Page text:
WebMD Medical News
Brenda Goodman, MA
Laura J. Martin, MD
Sept. 15, 2011 -- Shooting a quick blast of carbon dioxide gas into the nose may ease some allergy symptoms, and the relief appears to last for about four hours.
When carbon dioxide (CO2) is blown through the sinuses in a kind of pressurized gas rinse, it may relieve symptoms like itchy, watery eyes, sneezing, and a runny nose, according to a new study. CO2 is a colorless, odorless gas that is exhaled with each breath. It also puts the "fizz" into soft drinks and is frozen to make dry ice.
And CO2 appears to work pretty quickly for allergy relief, says study researcher Thomas B. Casale, MD, chief of allergy and immunology at Creighton University in Omaha, Neb. "In this study it was within 30 minutes, and in a previous study we did it was within 10 to 20 minutes. So for patients that are having significant symptoms, it could provide very rapid relief."
Side effects were generally short-lived, but included headaches, tearing, and nose pain.
Casale, who has tried the treatment, says it feels like the sharp burn of a soda burp.
"It's almost like if you're drinking a carbonated beverage and somebody makes you laugh and it goes up your nose, and you know how it stings for a bit? Some people experience that with the carbon dioxide," he tells WebMD. "That sensation goes away as soon as you turn the gas off."
The study is published in the Annals of Allergy, Asthma, & Immunology. It was sponsored by Capnia, a company that hopes to market a handheld carbon dioxide device to treat allergies. Casale says he has no financial interest in the company.
Researchers aren't entirely sure how the treatment may work, but they have some theories.
One theory, Casale says, is that the gas probably helps to blow allergens out of the nasal passages, where they are causing irritation.
For the study, researchers recruited 348 adults who had been allergic to dust mites, cats, dogs, mold, or roaches for at least two years, as determined by a positive skin prick test and a need for medication to control their symptoms. They were asked to stop their normal medications before testing.
People in the study were randomly assigned to receive either carbon dioxide gas or a placebo. Those in the carbon dioxide group were further divided into groups who got either low or high doses of the gas for either 10 seconds or 30 seconds.
People in the treatment groups were asked to wear a nosepiece that was attached to a cylinder that was filled with compressed gas. A regulator controlled the flow of gas, so that study participants got either 5 milliliters or 10 milliliters of gas per second for either 10 seconds or 30 seconds in each nostril.
The placebo group wore the same device for either 10 seconds or 30 seconds with no gas flowing through it.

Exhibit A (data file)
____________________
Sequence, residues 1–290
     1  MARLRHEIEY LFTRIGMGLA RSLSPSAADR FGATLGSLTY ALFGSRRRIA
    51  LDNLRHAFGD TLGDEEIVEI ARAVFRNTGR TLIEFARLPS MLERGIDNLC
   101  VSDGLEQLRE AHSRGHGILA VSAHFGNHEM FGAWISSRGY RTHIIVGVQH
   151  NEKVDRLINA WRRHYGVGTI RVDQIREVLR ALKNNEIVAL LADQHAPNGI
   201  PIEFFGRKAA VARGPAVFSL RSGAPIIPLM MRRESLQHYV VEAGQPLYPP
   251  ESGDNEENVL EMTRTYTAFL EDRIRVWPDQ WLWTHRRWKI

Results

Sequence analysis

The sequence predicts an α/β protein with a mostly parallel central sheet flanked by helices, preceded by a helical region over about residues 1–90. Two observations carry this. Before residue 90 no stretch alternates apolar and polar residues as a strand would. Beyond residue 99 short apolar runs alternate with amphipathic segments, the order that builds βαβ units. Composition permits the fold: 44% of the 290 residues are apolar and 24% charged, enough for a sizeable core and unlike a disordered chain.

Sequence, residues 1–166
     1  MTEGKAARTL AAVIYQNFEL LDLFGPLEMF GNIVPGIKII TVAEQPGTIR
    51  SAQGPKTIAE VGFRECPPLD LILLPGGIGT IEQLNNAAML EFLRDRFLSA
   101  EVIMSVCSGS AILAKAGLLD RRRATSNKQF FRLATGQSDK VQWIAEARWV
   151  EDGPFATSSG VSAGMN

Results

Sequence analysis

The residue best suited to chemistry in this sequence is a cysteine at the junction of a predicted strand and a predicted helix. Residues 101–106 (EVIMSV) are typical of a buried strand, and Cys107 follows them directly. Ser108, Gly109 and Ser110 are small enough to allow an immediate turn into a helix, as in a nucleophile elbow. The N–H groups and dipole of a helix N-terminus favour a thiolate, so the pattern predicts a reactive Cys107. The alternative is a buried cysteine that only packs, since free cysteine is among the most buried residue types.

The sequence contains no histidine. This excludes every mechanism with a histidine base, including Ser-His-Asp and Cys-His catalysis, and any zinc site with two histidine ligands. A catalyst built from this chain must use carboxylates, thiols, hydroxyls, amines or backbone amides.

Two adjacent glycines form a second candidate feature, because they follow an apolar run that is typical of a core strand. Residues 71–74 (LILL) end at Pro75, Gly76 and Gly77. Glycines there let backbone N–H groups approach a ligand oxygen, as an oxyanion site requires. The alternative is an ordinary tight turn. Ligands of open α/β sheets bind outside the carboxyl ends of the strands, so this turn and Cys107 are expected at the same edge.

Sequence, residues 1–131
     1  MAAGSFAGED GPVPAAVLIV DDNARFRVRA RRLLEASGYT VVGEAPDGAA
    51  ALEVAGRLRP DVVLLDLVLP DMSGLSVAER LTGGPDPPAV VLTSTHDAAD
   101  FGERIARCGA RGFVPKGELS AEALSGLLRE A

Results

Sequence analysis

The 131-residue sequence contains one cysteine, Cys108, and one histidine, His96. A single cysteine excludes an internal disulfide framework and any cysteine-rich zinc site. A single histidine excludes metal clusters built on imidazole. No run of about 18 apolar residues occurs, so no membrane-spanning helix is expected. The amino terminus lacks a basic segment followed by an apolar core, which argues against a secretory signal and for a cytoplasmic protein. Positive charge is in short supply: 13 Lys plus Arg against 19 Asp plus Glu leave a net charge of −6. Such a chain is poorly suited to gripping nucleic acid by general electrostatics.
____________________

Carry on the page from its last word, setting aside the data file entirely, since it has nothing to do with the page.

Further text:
Study participants were advised that they might or might not feel the flow of the gas. Some participants in the placebo group reported feeling gas flowing through their noses, while some in the CO2 group said they couldn't feel anything.
All groups reported an improvement in their symptoms.
The placebo group reported that their nasal symptoms improved about 3 points, on average, on a 20-point scale.
The carbon dioxide groups reported that their symptoms improved by 3.7 to 4.7 points on a 20-point scale.
Only one treatment group reported relief that was significantly better from the placebo group, however. That was the treatment group that received 10 milliliters of CO2 per second for 10 seconds per nostril.
Symptoms that were most improved included itching and watering of the eyes, eye redness, sneezing, and a runny nose.
There was little change in nasal congestion.
Experts say that despite its promise, carbon dioxide isn't yet ready for general use.
"The good news for patients is that there's ongoing research into new and novel ways to treat this chronic condition that affects a third of our adult population," says Stanley M. Fineman, MD, a practicing allergist in Atlanta. Fineman is also president-elect of the American College of Allergy, Asthma & Immunology.
"The nice thing about this potential treatment is that it is not a medication," he tells WebMD, "It's not a chemical."
Even if a CO2 treatment comes to market, the relief it offers is likely to be brief.
Fineman says it wouldn't replace disease-modifying treatments like allergy shots or longer term controllers like inhaled steroids.
"This would be more of a reliever for breakthrough symptoms," Casale says. "I think it could be equated maybe to how some people use over-the-counter antihistamines if they're having symptoms."
SOURCES:Casale, T.B. Annals of Allergy, Asthma, & Immunology, Sept. 10, 2011.Thomas B. Casale, MD, professor of medicine; chief of allergy and immunology, Creighton University, Omaha, Neb.Stanley M. Fineman, MD, allergist, Atlanta; president-elect, American College of Allergy, Asthma & Immunology.
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